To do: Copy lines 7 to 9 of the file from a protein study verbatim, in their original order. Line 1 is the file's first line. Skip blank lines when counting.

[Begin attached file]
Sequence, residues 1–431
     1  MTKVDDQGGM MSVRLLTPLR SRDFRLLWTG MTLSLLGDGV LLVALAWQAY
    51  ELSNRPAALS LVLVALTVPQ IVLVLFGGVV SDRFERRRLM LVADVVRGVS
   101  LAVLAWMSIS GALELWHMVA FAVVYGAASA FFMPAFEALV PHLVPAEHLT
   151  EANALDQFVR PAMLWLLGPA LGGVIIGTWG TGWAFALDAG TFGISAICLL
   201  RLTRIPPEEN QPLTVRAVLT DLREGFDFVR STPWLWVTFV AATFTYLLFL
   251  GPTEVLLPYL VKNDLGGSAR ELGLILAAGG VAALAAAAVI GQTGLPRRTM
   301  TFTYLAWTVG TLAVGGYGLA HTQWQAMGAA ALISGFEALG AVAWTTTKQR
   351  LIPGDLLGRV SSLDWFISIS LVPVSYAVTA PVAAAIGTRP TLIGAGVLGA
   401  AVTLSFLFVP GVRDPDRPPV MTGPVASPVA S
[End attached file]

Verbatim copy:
   251  GPTEVLLPYL VKNDLGGSAR ELGLILAAGG VAALAAAAVI GQTGLPRRTM
   301  TFTYLAWTVG TLAVGGYGLA HTQWQAMGAA ALISGFEALG AVAWTTTKQR
   351  LIPGDLLGRV SSLDWFISIS LVPVSYAVTA PVAAAIGTRP TLIGAGVLGA